Ambassador Wood’s Remarks at the Opening Ceremony of the 4th Afghanistan Donor Coordination Workshop for Mine Action
Monday, April 9, 2018
Good morning everyone. Many of you have traveled quite far to be here, and I extend my appreciation for your participation. Welcome to you all.
I would like to take a moment to recognize Ambassador Dalil. Our partnership with the Government of the Islamic Republic of Afghanistan is critical to the success of the mine action sector. Thank you, Ambassador, for your leadership and for joining us today.
I also want to thank my friend Ambassador Toscano and the Geneva International Centre for Humanitarian Demining (GICHD) for the tremendous collaborative effort that went into organizing this workshop jointly with the State Department’s Bureau of Political-Military Affairs.
It is my distinct pleasure to be here today and to share the podium with our distinguished guests. The United States is proud to support the humanitarian mine action sector in Afghanistan. Eliminating explosive hazards from communities is essential to achieving peace and stability. The presence of these hazards and the availability of explosive material presents a continued danger to Afghan and international security forces. They imperil civilians going to work, children going to school, or farmers cultivating their fields. As long as these dangers persist, it will be difficult for communities to recover from conflict.
In light of these dangers, the government of the United States has invested well over 450 million U.S. dollars in conventional weapons destruction in Afghanistan since 1993. This number is not just an expenditure of cash but an investment in the safety and security of the people of Afghanistan.
With funding from other donors and the support of the Government of Afghanistan, conventional weapons destruction programs have been uniquely successful in removing the threat of explosive hazards and in securing or destroying stockpiles of weapons and ammunition that could be proliferated or pose a risk to communities.
The Mine Action Program for Afghanistan is known globally as a leader in its field. Established in 1988, MAPA has remarkable capacity and tenacity. As the largest and most mature mine-action program in the world, its workforce of over 7,200 personnel has worked tirelessly to reduce the threat from explosive devices.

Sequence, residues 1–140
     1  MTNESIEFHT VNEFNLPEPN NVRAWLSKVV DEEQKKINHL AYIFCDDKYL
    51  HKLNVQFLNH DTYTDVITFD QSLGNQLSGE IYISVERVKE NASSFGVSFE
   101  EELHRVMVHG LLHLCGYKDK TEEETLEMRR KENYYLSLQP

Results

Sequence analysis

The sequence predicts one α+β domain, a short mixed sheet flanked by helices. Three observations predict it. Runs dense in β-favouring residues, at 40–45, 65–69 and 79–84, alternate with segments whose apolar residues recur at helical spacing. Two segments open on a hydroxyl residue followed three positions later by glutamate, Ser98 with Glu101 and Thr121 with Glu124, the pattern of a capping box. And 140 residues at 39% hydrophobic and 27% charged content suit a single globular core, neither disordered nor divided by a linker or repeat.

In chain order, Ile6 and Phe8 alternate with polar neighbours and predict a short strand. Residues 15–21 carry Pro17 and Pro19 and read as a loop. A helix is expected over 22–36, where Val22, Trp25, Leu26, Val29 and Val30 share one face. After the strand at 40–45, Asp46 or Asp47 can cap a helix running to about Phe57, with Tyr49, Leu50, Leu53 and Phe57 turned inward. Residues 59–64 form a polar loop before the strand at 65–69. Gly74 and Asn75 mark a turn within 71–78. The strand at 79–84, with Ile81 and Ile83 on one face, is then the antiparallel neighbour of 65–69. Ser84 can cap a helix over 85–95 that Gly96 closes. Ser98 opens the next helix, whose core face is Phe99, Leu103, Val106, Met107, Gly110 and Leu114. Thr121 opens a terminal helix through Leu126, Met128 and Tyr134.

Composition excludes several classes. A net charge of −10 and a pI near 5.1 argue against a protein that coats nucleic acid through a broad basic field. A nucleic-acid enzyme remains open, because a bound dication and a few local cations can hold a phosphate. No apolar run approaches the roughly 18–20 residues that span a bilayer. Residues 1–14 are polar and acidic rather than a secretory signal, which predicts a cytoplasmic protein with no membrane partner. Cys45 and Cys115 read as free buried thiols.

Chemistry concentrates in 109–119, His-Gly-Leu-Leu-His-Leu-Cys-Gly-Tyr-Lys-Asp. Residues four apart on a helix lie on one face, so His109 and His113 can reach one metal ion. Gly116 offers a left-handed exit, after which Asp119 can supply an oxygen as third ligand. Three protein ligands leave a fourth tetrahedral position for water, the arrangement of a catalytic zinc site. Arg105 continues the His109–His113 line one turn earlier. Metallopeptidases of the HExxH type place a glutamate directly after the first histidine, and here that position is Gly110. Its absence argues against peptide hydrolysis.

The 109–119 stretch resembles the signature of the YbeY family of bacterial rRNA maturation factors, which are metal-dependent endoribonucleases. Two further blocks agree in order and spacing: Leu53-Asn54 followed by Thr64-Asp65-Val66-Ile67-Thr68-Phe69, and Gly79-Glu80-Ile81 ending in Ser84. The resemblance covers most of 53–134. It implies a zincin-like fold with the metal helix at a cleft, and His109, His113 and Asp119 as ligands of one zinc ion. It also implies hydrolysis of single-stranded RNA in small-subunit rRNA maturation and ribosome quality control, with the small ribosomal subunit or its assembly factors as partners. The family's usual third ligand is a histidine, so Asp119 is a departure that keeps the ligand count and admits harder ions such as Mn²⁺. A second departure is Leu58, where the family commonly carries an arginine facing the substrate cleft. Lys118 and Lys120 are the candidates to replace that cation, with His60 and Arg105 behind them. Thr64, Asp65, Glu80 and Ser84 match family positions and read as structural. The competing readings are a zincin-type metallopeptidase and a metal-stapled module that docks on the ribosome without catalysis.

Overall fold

I particularly want to highlight the role of the MAPA at this year’s workshop as the DMAC promotes the core theme “One MAPA.” This theme highlights a critical component of mine action: the dangerous work undertaken, with the generous support of the donor community and leadership of the Government of Afghanistan, is greater than any one organization. It is only because you have worked as “One MAPA” that casualty rates from legacy mines and explosive remnants of war have fallen from global highs to record lows. “One MAPA,” working as a coordinated group, has managed to clear upwards of 45 square kilometers of legacy contamination per year.
We especially appreciate that other donors who contributed to Afghanistan’s progress in demining and have pledged to continue to do so are a part of this year’s workshop. Your voices are especially pertinent as we plot a course together for the “One MAPA” program.
At this workshop, I would encourage donor representatives and implementing partners to speak frankly, to ask questions, and most importantly, to reach consensus on how best to support and assist the Government of Afghanistan in achieving its goal of becoming mine free in 2023.
Afghanistan faces many threats to its success—insurgent activity, declining donor resources, new contamination from improvised explosive devices—and there are no easy answers. But I know that in this room we have the talent and energy required to meet these challenges.
GICHD and the DMAC have developed a rigorous agenda of panel discussions and open dialogue that I believe will move our conversation forward to new successes.
The United States supports programs to safely dispose of aging and obsolete weapons, secure remaining stockpiles from proliferation, and clear explosive hazards. We do so not only as a humanitarian issue but also as a common sense solution for national security concerns. Over the next three days, I believe we can strengthen the “One MAPA” plan to address the challenges of this evolving landscape.
Finally, allow me to convey my sincerest respect and gratitude for the implementing partners in Afghanistan and their staff who risk life and limb on a daily basis to make the world a safer place. Thank you for your service, and best wishes for a successful workshop. Thank you.